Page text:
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Medieval Studies Program, Experimental Humanities Program, and Division of Languages and Literature present
In Sir Gawain and the Green Knight, the hero’s chivalric virtue is initially symbolized by the pentangle that he bears on his shield, which the poet calls an “endless knot” because of its geometric perfection and absolute unseverability. At the end of the poem, however, Sir Gawain has associated himself instead with a feminized girdle, or sash, that is more malleable in shape and whose erotic potential was premised upon the potential of untying. “Untying” is also a literal translation of the literary concept of “denouement,” namely the concluding portion of a complex narrative. In this talk, Bahr will look closely at how the poem’s literal knots relate to its literary denouement, as well as at images from the manuscript in which the poem is contained and a related poem by Geoffrey Chaucer, in order to argue for a more expansive understanding of speculation as a form of “close looking” allied with the “close reading” that literary scholars traditionally perform—and as such a more intellectually rigorous activity than the idle guesswork or mere supposition with which speculation is usually associated today.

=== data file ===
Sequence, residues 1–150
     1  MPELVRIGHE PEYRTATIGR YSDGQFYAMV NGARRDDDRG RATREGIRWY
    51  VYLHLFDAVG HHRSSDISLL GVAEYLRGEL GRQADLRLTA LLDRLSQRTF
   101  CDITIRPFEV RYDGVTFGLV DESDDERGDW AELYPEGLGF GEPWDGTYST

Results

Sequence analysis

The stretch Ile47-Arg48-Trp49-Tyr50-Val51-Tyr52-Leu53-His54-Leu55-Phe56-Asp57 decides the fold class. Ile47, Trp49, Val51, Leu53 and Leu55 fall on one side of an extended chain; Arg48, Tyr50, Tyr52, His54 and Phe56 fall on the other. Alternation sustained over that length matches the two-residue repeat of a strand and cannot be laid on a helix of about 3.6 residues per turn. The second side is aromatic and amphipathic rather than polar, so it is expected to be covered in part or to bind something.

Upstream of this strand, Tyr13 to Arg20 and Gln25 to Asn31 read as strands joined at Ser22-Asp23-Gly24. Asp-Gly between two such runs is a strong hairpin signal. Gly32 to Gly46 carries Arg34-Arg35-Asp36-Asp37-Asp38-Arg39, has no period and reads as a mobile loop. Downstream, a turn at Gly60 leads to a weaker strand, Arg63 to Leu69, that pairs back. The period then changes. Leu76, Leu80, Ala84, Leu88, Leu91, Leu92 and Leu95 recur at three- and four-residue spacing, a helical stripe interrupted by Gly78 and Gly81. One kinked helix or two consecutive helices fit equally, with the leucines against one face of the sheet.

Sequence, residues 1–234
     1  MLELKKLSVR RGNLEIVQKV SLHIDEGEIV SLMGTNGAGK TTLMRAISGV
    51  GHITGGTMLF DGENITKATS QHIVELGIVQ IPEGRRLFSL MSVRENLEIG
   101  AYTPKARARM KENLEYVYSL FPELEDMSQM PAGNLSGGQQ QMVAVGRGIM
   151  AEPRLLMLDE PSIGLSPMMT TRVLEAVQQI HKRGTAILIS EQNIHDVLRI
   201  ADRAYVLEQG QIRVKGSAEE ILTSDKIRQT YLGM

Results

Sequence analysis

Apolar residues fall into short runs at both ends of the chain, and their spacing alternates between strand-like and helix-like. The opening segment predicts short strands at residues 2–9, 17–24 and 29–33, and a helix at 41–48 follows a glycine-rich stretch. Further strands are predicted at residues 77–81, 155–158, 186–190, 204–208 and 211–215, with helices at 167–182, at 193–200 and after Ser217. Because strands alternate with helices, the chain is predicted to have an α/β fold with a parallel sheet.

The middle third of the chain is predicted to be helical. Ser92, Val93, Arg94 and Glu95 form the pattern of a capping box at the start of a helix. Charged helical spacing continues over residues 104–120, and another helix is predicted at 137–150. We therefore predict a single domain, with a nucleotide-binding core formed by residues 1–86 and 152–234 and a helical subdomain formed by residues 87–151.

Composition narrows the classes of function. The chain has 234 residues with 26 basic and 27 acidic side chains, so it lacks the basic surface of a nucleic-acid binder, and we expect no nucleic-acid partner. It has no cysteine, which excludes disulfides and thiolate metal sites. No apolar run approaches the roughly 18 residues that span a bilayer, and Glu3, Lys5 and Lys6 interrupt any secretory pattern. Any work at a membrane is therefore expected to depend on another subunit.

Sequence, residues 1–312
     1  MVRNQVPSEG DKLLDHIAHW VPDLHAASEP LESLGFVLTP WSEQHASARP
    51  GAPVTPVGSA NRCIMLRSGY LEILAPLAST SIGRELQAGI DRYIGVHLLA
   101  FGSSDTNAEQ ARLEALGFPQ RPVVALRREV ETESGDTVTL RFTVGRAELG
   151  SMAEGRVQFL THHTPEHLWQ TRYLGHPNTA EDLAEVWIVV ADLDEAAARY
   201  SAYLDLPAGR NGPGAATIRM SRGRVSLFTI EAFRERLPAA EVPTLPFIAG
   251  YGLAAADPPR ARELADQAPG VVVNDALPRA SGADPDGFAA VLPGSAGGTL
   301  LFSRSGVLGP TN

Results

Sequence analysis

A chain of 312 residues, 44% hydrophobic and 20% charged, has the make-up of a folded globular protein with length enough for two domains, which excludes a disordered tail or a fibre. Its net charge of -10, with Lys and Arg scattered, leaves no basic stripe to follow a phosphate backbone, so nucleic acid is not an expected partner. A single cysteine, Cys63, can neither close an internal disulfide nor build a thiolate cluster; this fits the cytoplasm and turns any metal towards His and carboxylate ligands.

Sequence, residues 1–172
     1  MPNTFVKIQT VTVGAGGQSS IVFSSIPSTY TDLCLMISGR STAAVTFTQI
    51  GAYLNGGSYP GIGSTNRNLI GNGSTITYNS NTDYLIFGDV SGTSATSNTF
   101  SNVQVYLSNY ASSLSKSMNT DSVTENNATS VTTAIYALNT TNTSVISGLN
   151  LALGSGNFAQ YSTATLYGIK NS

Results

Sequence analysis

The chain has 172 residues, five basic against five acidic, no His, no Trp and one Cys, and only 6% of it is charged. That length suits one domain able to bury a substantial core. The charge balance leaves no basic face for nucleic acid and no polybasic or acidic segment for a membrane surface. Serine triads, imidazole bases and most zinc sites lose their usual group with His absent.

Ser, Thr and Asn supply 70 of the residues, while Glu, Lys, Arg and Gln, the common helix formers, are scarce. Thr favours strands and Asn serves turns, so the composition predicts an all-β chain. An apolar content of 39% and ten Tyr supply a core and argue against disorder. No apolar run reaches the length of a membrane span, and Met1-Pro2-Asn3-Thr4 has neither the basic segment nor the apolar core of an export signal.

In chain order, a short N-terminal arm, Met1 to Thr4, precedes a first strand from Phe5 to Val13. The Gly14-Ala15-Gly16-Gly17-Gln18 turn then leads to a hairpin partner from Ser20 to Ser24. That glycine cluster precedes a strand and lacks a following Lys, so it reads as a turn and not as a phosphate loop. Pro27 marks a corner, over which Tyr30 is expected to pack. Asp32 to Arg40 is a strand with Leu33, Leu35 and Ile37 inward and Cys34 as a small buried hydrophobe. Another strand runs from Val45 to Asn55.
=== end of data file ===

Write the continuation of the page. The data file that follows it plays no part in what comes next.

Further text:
Arthur Bahr is Associate Professor of Literature at MIT, where he specializes in Old and Middle English literature; the structure and interpretation of medieval books; formalism(s); aesthetics; and the idea of the literary. His first book, Fragments and Assemblages: Forming Compilations of Medieval London, has recently been published by University of Chicago Press. Using compilations from fourteenth-century London as case studies, Fragments and Assemblages argues that we can productively bring comparable interpretive strategies to bear on the formal characteristics of both physical manuscripts and literary works. By situating itself at the intersection of material history and aesthetic theory, this form of manuscript studies offers insights both on the literary culture of the past and on how the past continues to mean in the present.
For more information, call 845-758-4615, or e-mail email@example.com.
Location: Olin, Room 102